Technology

Get Your Dream Job with These Online Resources

We’re living in a technological age. These days if you can think it, there’s probably a website for it.

So why not embrace that technology and employ these tools in your job search journey? A recent Forbes article listed several of these online job-search power boosters. Here are our favorites, as well as a suggestion of our own.

Resume Help

Ever felt like your resume lacked a certain something? Resumake and Resume.io exist to make that a non-issue. The sites are full of templates that come pre-arranged, so you don’t have to worry about typefaces or whether to bold or underline something.

Both sites offer free and paid options. All you have to do is select a template and then input your information. The app will do the rest, and you’ll end up with a resume you’re proud of.

And if you’re looking for great words to use in your resume, check out one of the blogs in our resume writing series:

Keep Track of Where You Applied

When you’re job search efforts are on fire, the number of positions you’ve applied to can really pile up. Multiple applications can make it difficult to remember what you’ve applied for and who you’ve applied with. And nothing’s more awkward than a phone interview where you don’t even remember what you applied for.

Get rid of those issues with Rake, what Forbes describes as a “personal job tracker.” It’s available both as an app for your phone and as a chrome extension (for use with the Google Chrome web browser). All you have to do is click and the job description gets saved to the app. And you don’t have to pay a dime.

And applying with Express solves this problem as well. One application with us gets sent out to multiple local businesses. And it’s free.

Interview Prep

We all dread getting an interview question we don’t know the answer to.

It could be anything from “what are your top five strengths and weaknesses?” to “what about our company interests you?”

Sure, you could make flashcards and study them before the interview. But what if you lose one, don’t prepare for it, and that’s the question you end up being asked in an interview?

Cram is a site that allows you to do just what it states: cram information as fast as possible.

You can create online flashcards or use others already prepared by savvy jobseekers.

And it’s free!

Job Genius

Job Genius is Express Employment Professionals’ educational job program and web series. We cover everything from the job market forecast and job opportunities, to the resumes, the interview process, and more. It’s stuff we learned from jobseekers just like you. And since we put nearly 550,000 people to work each year, we know what works and what doesn’t. And it’s free, too!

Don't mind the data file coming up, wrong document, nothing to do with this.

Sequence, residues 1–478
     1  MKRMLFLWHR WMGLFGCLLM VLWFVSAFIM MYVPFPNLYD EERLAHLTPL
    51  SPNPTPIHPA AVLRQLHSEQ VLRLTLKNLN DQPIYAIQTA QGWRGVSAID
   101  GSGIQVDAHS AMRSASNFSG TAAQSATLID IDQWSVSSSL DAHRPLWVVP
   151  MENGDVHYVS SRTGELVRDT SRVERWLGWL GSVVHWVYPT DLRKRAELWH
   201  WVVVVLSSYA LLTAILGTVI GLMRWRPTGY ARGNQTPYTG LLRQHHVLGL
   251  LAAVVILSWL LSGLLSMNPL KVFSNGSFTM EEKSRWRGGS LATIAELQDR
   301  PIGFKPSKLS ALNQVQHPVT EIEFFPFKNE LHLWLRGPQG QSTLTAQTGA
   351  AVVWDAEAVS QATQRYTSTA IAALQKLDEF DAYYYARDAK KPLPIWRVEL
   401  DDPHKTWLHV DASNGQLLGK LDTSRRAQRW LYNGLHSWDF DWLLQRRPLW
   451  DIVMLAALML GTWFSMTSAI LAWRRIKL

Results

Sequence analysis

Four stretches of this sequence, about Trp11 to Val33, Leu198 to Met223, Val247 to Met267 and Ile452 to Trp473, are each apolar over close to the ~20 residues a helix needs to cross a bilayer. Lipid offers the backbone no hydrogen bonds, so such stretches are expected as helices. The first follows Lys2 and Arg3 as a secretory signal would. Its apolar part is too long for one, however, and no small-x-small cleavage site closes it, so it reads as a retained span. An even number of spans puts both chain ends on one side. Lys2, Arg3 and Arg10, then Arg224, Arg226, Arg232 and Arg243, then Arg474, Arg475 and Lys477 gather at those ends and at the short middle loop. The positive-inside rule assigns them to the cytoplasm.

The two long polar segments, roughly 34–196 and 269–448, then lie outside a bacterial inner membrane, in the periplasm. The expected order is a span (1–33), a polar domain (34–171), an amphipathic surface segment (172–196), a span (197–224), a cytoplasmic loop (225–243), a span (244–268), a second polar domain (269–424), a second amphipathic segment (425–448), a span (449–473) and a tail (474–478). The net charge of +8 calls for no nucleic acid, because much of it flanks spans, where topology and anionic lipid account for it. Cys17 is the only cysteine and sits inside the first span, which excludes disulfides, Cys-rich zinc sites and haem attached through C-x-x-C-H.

Do you have any favorite online job resources? Let us know in the comments section below!

 

 

Do Millennials Spend Too Much Time on Screens?

Being a Team PlayerTV screens, computer screens, phone screens, and more. It’s practically impossible to escape them. Technology is everywhere, including the office. Which isn’t a problem, until it’s abused.

Millennials are often seen as the worst offenders. They’re constantly on their phone scrolling through Facebook, Pinterest, Twitter, or Instagram. This isn’t a problem with older generations!

Or is it?

As noted by Forbes, Ralph Jacobson, a global retail industry marketing analyst at IBM, said in an online discussion that “people of all ages are constantly distracted by phone alerts for social media, texting, promotional emails, etc. Ensuring that employees have daily work assignments with short-term, tangible goals that have deadlines, is a way to keep people focused on their work. If there is too much uncertainty in project deadlines without defined daily milestones, peoples’ attention will wander.”

So if it’s a problem we all suffer from, what can we do to fix it? Not all employees know what proper screen etiquette in the office looks like. Although it varies depending on your manager and place of business, below are a few tips to keep in mind.

Life is a Series of First Impressions

“You only get one first impression.” Odds are you’ve heard that, or some variation of it, more than a few times. And it’s true. Especially in the workplace, where, depending on your position, you might have multiple first impressions with new clients or customers every day. When talking to someone, talk to them. Actively participate in the conversation.

You don’t want to ruin those impressions because of something as silly as your phone. So don’t keep your eyes glued to it! It was rude in school and it’s rude now. Especially during a meeting or presentation. And steer clear of attempting to hide your phone under the desk—the boss knows what that blue screen glow means.

Of course, depending on the position, it’s possible you might need to check your phone during meetings. Maybe there’s a client that won’t stop calling, or a minor emergency that needs to be taken care of. In those cases, discreetly access your phone and take care of the matter quickly. If the issue requires all of your attention, ask to step out to take care of it.

Keep Off of Social Media

This next one will vary depending on where you work and what the position entails, but it’s usually a good idea to stay off social media until you get a better idea of what the workplace culture looks like.

If you’re liking Aunt Gertrude’s garden pics, you aren’t being productive. Although it might just be a quick break for you, others could think it represents some sort of trend. You don’t want to be seen as the office slacker, so avoid it.

It’s important to note that there are plenty of valid reasons to be on social media—checking the company’s social media page, connecting with potential clients, etc. You’ll need to make some of your own judgment calls on what is and is not acceptable for your workplace.